With the value of Irish exports increasing to an eight year high, HSBC brought together key stakeholders across the export sector to discuss the challenges facing Irish exports and their future prospects in international markets.
What sectors are performing well?
Services exports have increased by 11 per cent in the first half of this year, compared to the same period last year, while goods have been flat.
Business services is the largest of our export activities and increased with the expansion of activities by global players such as Google, LinkedIn, Facebook and Twitter. Computer software companies represent the second largest element of our services exports and this is heavily dominated by the multinational companies such as Microsoft and SAP. However there is a strong cluster of Irish owned mobile technology companies who are also growing rapidly, such as Ezetop.
On the goods exporting side of the economy, food and drink has done very well with growth of 25 per cent over the past two years. It is important to note that 75 per cent of that growth has come from commodity price growth and only 25 per cent of growth is coming from increased volume of sales. The underlying trend of solid growth is expected to continue for agri-food as restrictions on dairy production are eliminated by the EU under their quota scheme, and global demand continues its rapid increase.
The aircraft leasing industry has been doing well on the services side. Ireland is well recognised for the excellent companies located here. When we speak to our clients in this industry, we see that their expansion plans are very robust. They are aggressively marketing all over Asia.
On the goods side, clearly food and drink will continue to be our flag bearer. Chemical and related products have also been doing quite well.
Harvest 2020 predicts that milk production will increase by 50 per cent by 2020 as quotas are relaxed. The industry is gearing itself up to prepare for that expansion. World consumption is growing by between 1.5 and 2 per cent so there is a market to feed that into. Our dairy products are of good quality so there will be demand for this growth in output.
Exports of all sectors of Irish industry grew in 2011. The highest growth sector for Ireland was engineering which grew at 30 per cent, bringing export sales higher than domestic market sales for the first time, supported by our improved competitive position.
On the newer technology side there was continued strong growth with, for example, clean tech growing by 19 per cent.
Food and drink is Ireland’s largest indigenous industry with exports valued at almost €9 billion in 2011, representing an increase of 12 per cent, or €1 billion in 2010.
There is a momentum and excitement around the agri-food sector at the moment. This enthusiasm was highlighted by the industry’s recent trade mission to China led by Minister Coveney. There was a tanglible level of intensity and energy during the mission and afterwards in terms of companies following up business leads.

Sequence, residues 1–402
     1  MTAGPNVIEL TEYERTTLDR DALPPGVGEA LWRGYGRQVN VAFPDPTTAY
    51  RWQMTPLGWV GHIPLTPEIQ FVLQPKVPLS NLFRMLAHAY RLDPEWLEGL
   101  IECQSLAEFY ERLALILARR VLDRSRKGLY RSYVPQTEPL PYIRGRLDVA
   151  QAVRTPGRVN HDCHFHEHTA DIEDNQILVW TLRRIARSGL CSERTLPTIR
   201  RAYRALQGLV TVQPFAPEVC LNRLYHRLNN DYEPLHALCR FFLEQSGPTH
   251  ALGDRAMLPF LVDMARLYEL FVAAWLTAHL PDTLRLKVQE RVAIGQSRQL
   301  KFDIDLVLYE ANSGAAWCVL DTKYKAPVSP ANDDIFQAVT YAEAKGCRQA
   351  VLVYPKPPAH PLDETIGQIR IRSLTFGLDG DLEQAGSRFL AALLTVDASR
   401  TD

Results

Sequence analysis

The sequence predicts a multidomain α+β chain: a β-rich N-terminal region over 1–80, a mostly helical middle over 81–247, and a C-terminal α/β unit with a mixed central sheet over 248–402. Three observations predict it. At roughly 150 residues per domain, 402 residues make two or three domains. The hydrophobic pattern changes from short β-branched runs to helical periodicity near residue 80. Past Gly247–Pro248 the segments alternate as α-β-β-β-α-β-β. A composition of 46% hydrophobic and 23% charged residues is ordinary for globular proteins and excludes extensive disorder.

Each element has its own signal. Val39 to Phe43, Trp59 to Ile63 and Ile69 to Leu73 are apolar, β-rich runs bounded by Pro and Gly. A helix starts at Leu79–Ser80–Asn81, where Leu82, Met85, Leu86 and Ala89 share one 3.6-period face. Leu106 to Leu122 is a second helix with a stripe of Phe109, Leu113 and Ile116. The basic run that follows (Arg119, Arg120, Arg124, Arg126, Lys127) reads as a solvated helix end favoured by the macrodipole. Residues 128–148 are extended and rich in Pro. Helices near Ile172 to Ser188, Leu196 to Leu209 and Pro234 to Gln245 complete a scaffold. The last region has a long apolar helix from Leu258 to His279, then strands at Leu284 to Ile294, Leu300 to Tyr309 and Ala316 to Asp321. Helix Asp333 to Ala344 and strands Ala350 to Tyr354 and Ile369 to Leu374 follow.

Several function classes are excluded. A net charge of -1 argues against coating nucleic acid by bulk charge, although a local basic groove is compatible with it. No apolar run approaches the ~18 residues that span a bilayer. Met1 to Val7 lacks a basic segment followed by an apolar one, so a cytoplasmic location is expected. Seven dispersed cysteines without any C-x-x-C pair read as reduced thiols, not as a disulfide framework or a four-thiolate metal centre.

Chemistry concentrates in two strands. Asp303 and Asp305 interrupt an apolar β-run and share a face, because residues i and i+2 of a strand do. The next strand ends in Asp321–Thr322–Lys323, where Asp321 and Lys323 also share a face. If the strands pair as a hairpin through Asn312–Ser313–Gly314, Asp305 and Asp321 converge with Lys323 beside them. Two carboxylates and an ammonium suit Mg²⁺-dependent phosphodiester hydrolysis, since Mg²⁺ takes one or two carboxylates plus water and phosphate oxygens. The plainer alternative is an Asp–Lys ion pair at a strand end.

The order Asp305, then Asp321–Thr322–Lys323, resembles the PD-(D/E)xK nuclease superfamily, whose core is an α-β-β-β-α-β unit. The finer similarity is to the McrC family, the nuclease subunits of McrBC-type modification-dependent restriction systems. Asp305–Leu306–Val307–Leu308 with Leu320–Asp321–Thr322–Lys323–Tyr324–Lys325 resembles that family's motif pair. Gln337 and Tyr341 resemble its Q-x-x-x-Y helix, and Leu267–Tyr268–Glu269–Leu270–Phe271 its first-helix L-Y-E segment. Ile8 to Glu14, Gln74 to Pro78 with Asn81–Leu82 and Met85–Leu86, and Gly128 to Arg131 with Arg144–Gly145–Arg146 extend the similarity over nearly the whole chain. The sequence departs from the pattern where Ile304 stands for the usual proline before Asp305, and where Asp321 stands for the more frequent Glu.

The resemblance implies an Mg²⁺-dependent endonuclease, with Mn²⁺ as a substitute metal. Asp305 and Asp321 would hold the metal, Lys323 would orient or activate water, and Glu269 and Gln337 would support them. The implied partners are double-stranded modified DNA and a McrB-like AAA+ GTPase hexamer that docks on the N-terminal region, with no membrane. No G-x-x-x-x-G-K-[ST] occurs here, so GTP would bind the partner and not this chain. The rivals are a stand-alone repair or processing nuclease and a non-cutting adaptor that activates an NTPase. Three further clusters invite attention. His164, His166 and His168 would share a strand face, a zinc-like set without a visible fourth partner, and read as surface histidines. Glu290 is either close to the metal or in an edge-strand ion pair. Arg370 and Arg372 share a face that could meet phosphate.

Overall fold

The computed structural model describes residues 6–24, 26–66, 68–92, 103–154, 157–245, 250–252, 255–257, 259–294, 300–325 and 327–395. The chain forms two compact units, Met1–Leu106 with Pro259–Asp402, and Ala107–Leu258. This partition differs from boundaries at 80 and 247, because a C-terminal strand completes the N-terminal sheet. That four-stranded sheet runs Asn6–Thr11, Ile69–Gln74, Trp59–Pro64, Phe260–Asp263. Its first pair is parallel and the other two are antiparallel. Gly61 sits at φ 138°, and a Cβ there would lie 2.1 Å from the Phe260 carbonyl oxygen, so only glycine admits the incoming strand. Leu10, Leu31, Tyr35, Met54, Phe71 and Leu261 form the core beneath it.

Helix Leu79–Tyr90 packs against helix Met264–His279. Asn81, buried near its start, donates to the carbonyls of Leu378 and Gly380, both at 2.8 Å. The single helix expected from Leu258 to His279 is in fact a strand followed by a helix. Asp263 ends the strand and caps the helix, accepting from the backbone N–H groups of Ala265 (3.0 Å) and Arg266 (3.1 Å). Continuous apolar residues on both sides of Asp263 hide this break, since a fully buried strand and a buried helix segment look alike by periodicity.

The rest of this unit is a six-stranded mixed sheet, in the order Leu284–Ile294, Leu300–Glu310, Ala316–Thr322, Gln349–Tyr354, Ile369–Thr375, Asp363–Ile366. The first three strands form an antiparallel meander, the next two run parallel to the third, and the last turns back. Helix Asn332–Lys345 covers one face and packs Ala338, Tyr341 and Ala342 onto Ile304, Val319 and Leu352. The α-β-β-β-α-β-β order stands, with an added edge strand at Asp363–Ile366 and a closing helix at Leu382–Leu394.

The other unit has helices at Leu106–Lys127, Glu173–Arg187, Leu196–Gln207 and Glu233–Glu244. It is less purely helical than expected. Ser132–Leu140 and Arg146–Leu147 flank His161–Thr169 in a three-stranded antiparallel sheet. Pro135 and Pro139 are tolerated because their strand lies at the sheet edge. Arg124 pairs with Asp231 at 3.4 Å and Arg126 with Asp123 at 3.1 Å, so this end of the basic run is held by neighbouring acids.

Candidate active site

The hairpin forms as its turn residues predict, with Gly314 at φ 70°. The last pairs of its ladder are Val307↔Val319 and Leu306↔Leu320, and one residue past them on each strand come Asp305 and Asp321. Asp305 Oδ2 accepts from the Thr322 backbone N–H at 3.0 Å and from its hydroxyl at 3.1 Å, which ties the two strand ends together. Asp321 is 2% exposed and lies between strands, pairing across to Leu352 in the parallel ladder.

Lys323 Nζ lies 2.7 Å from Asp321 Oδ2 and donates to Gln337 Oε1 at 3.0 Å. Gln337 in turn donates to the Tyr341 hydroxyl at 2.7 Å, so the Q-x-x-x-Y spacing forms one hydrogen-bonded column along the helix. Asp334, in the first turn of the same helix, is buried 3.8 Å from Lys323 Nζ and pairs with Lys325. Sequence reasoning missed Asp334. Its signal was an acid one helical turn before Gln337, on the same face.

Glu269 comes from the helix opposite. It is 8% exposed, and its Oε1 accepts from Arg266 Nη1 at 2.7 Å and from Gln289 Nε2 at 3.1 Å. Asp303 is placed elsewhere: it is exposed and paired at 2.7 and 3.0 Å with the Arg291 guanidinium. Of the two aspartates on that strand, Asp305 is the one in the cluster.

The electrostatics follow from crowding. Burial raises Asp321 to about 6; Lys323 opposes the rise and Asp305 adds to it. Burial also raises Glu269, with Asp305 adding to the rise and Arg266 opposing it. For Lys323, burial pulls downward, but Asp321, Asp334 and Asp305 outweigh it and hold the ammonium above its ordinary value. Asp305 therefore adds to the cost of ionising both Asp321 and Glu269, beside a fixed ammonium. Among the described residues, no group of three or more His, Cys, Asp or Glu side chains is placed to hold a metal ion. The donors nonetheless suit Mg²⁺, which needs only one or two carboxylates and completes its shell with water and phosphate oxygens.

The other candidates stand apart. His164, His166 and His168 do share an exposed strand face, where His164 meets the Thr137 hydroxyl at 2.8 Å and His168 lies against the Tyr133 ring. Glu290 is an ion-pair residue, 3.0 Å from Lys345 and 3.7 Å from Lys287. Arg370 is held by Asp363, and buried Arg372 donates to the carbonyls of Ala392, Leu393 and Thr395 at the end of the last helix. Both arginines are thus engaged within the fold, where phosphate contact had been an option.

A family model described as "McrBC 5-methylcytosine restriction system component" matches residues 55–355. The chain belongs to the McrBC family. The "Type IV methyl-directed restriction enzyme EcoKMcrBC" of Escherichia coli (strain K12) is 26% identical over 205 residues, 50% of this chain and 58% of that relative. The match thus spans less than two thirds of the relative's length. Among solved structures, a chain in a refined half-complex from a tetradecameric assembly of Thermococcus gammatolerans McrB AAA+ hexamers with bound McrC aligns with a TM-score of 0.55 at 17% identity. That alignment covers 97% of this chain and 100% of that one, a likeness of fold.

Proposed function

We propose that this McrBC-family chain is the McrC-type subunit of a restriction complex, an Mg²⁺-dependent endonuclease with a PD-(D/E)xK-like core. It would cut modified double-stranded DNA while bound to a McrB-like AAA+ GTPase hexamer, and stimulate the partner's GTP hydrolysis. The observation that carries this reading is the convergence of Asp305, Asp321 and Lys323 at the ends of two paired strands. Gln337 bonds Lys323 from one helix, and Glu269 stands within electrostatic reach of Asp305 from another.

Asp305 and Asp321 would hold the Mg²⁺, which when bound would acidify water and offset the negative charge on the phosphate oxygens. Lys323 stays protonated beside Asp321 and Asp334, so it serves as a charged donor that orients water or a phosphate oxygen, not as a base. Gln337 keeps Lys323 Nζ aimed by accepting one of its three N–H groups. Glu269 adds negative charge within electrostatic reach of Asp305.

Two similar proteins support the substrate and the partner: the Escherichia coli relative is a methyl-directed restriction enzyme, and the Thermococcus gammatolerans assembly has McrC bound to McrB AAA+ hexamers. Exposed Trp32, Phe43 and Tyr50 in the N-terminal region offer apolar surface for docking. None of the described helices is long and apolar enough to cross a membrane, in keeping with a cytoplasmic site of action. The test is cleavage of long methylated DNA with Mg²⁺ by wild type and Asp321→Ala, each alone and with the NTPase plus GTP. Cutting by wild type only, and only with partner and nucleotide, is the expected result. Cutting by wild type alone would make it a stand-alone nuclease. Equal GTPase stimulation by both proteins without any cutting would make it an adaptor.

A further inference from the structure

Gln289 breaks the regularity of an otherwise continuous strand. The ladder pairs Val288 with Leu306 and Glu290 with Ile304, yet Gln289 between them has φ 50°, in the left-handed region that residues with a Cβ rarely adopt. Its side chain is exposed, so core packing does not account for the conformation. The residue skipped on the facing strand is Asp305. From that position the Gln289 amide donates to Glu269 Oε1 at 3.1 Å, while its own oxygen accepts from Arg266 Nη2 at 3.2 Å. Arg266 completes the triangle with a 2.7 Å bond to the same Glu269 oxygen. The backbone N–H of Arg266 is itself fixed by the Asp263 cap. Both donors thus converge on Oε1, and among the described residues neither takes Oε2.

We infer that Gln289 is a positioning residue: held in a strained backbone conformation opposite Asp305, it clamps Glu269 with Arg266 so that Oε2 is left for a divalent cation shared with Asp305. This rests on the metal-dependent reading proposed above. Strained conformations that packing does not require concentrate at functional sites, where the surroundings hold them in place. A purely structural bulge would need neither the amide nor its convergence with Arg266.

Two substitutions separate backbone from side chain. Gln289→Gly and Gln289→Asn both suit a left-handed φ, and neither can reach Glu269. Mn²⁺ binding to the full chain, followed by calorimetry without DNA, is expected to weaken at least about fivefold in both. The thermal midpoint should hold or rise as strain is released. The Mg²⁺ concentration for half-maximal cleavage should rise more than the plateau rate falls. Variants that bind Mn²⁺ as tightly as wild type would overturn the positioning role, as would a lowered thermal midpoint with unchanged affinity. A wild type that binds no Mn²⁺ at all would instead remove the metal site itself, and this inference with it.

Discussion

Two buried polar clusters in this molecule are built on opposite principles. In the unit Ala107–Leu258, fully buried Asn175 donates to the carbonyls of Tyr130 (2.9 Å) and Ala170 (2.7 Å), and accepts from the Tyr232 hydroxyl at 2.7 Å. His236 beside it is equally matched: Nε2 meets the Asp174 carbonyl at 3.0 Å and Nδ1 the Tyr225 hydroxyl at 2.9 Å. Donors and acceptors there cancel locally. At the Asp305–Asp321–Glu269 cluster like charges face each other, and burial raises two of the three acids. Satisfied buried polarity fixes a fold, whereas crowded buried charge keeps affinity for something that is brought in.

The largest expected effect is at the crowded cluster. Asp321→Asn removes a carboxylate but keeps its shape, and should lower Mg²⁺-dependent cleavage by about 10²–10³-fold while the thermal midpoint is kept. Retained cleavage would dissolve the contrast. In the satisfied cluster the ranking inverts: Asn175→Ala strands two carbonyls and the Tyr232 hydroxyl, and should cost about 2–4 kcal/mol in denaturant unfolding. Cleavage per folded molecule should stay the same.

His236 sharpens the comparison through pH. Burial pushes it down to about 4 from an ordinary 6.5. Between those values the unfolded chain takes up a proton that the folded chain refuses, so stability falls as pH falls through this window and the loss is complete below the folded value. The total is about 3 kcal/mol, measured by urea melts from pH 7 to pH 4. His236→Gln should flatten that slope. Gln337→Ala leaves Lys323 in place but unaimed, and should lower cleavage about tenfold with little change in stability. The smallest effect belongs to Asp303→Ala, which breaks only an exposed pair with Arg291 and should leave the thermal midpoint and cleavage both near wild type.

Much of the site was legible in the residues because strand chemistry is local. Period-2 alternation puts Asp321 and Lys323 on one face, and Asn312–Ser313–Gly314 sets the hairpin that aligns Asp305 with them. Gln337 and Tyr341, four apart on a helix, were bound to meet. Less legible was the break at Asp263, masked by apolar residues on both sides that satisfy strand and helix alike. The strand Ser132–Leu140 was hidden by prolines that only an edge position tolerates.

It is now important to build on the growth opportunity offered by the food and drink and the Food Harvest 2020 roadmap provides us with an opportunity to do so.
Electricity demand has stabilised again after several years of demand destruction which would indicate that we are back on a growth path.
There are two economies: a vibrant export economy and a sluggish domestic economy. That’s borne out by the demand for electricity and the move towards services from traditional manufacturing which isn’t as electricity dependent.
On the international side we have a new strategy to double our international revenues. We are putting a huge effort into South Africa. We are also working in Malaysia, Pakistan and Vietnam.
We are not in China on the basis that it’s a very long term decision and takes a long time to build up. We are concentrating significantly on Turkey, which is probably the second largest growth economy in the world at the moment.
In my new role, putting ESBI into the same business unit as Ecars, ESB telecoms and Novusmodus, there’s a strong opportunity to look at various external opportunities other than pure engineering.
What are Ireland’s target markets at the moment?
Within HSBC our global footprint has moved beyond the traditional BRIC countries. We have coined a new term: CIVETS. These are the markets we see as having the next potential: Columbia, Indonesia, Vietnam, Egypt, Turkey and South Africa.
We very much regard the BRIC countries as no longer developing. They are developed.
The key markets outside China are Vietnam and Indonesia.
Within Asia, Vietnam and Indonesia offer strong potential, particularly for the Irish dairy sector. With the abolition of dairy quotas in 2015 and an increase in production of 50 per cent forecast, it is imperative that the industry find and secure new markets. Bord Bia has been working closely with the industry and in conducting extensive research to explore all potential opportunities.
In terms of other emerging markets, in South Africa, we saw 43 per cent growth as a result of increased dairy exports. Securing growth for Irish food in new and emerging markets will play a key role in broadening our export reach.
It’s very easy to look at these emerging markets and say they present enormous opportunity, which indeed they do, but logistically, how does a small company access these markets?
The larger corporates that we deal with in HSBC have the resources to do it but the challenge is that these markets are long-term plays, mainland China in particular. They are fraught with socio-political, economic and exchange rate issues.
Linking up with an entity such as HSBC, which has an identity in these regions, is very beneficial.
Very interestingly, IDA pictures Ireland as the gateway to Europe whereas Vietnam pictures itself as the gateway to Asia. They have been quite successful in attracting American investment, thereby increasing the engineering possibilities for ourselves.